Motorola Moto G Reviewby Brian Klug on December 18, 2013 2:00 PM EST
Battery onboard mobile devices remains one of the biggest concerns for shoppers, and even in a mass market device like the Moto G it’s an important axis. Although Moto G has a removable back door, the battery isn’t designed to be user accessible and is sealed inside, there’s a sticker which pretty much explains the situation.
Inside, the Moto G has a 2070 mAh, 3.8V battery for a capacity of 7.9 watt hours. It loses the stacked 3D structure that was a highlight feature of the Moto X, but still is a relatively large battery for a device with a 4.5 inch LCD display.
To evaluate battery life we turn to our battery life testing suite, which we run over WiFi and all the cellular interfaces appropriate for the device. Here we see a good combination of regular spikes in CPU usage with idle time, hopefully simulating constant, reasonably paced usage. As always the display is set to exactly 200 nits and configured the same way we always configure devices for maximum consistency.
The Moto G starts out with an impressive result on 3G. There’s no LTE on the Moto G so we’re only looking at the subset of devices that I’ve tested on 3G with the new battery life test. Still it’s impressive that the Moto G can crank out just over 7.5 hours on here, considerably more than Moto X forced onto 3G.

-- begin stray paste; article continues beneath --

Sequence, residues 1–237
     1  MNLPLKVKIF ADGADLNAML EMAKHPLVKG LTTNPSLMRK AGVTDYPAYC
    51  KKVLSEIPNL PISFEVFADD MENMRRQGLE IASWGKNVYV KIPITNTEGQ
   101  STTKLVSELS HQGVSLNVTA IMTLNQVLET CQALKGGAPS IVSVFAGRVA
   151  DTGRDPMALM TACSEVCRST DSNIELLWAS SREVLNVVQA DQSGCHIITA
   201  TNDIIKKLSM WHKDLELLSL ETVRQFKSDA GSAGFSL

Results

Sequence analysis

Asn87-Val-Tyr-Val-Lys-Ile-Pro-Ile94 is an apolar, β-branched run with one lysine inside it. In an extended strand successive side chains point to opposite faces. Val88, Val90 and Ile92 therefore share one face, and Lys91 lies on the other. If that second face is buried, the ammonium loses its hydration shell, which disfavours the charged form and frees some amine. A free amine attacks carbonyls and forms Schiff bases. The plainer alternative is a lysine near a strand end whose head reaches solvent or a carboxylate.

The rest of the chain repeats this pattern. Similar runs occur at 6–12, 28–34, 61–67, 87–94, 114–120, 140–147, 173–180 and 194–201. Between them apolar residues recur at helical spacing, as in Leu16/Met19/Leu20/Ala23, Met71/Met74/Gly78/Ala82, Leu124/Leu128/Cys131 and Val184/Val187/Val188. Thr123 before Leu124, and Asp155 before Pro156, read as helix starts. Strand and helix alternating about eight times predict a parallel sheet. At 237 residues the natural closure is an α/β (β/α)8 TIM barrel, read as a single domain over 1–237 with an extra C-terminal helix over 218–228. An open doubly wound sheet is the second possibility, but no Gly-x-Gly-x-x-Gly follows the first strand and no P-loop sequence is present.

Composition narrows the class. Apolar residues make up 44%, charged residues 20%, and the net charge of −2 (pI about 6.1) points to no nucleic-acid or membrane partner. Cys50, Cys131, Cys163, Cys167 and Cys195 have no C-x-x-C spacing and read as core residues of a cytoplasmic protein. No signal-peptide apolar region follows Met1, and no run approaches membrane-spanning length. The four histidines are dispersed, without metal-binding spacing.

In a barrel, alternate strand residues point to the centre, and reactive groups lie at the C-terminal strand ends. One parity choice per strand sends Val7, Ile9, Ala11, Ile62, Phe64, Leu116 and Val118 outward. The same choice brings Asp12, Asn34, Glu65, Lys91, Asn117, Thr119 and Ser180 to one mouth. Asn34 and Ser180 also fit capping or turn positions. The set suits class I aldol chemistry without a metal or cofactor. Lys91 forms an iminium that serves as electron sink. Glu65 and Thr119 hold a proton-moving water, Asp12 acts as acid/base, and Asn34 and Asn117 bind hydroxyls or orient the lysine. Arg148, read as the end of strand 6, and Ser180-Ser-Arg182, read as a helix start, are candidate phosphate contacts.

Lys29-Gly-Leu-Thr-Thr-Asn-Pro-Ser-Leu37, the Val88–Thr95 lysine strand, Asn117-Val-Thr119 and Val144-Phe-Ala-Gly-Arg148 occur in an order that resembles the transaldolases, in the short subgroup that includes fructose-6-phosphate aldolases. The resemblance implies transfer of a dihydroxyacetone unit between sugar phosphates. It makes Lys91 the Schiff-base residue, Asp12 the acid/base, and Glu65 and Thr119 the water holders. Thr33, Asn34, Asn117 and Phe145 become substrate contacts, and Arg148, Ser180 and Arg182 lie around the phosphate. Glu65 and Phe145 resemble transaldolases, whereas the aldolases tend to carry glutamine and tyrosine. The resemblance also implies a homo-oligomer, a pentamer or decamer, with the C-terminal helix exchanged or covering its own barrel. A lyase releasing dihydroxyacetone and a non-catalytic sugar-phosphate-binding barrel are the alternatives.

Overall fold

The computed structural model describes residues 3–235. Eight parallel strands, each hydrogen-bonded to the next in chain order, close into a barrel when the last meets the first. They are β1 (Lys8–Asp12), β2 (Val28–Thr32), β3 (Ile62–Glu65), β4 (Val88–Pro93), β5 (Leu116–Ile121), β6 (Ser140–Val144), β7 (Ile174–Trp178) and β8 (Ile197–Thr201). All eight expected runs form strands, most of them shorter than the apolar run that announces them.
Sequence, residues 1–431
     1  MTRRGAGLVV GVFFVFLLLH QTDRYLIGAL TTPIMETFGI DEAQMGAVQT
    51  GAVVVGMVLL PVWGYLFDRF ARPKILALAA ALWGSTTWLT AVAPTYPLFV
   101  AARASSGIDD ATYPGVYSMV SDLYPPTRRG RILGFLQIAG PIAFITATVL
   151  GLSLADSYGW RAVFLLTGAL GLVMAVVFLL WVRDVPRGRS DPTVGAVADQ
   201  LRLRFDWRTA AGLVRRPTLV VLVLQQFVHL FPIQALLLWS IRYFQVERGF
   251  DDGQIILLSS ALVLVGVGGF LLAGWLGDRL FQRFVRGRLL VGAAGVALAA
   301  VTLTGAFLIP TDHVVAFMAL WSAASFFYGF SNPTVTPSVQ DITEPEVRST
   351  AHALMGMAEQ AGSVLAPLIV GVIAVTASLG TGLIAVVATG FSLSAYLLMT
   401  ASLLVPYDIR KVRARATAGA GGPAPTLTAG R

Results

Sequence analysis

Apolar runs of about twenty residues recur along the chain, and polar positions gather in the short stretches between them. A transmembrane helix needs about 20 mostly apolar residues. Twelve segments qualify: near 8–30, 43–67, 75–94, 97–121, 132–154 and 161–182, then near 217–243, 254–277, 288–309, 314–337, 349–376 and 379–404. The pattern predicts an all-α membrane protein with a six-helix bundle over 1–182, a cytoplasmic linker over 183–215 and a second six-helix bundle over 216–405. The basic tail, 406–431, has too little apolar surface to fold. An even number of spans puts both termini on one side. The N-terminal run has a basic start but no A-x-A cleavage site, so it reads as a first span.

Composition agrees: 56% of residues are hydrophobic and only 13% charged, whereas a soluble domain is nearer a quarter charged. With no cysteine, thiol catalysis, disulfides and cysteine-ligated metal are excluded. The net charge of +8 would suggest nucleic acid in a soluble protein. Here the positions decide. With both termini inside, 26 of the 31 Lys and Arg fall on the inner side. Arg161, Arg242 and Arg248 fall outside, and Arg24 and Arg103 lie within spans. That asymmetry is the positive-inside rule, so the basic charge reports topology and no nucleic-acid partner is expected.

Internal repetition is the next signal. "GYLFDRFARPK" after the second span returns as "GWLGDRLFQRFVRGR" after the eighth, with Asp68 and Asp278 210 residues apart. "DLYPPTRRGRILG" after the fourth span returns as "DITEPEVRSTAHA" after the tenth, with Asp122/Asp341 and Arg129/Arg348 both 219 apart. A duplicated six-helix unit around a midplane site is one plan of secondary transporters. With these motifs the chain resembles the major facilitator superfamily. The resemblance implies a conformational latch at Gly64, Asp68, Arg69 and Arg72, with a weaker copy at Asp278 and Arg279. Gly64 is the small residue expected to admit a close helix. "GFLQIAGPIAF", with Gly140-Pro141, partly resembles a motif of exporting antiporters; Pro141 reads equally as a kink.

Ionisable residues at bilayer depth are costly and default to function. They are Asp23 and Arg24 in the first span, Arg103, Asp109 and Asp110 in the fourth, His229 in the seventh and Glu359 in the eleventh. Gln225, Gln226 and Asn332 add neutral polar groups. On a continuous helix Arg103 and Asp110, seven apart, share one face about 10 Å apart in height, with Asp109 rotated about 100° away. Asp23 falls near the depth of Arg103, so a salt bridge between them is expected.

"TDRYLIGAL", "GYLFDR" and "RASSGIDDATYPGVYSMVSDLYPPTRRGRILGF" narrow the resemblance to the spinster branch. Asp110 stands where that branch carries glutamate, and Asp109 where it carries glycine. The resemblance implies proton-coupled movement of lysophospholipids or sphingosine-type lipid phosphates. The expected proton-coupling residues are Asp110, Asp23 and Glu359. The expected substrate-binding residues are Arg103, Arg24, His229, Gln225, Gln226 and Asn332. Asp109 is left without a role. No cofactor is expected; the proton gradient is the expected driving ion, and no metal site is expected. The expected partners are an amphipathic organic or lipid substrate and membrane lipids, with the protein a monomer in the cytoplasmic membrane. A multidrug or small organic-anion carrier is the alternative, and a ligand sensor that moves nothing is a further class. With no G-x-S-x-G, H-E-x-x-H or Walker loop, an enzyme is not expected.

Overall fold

The WiFi test opens up considerable more comparison points, and here I’m really impressed by what the Moto G is able to crank out.
Cellular talk time is self explanatory, and again the Moto G winds up with an impressive result. I remember when Motorola seemed to somehow always be able to dominate the call test, Moto G definitely reminds me of those days.
Compared to the Moto X, the WiFi and 3G battery life tests really wind up being a story of the power consumption tradeoffs between LCD and AMOLED that remain to this day. The display size to battery capacity ratio is pretty big with the Moto G, and of course there are further improvements to overall efficiency with the latest Qualcomm silicon and modem block inside.
I mentioned that the Moto G doesn’t come with a charger in the box, a choice which cuts down on cost and is starting to make a lot of sense give the ubiquity of cheap USB chargers.
Thankfully Moto G seems to be good about its charge signaling, as it can pull up to 2 amps on appropriate chargers. The Moto G seems to be compliant with BC 1.2, and seems well behaved with drawing whatever is appropriate from other chargers as well.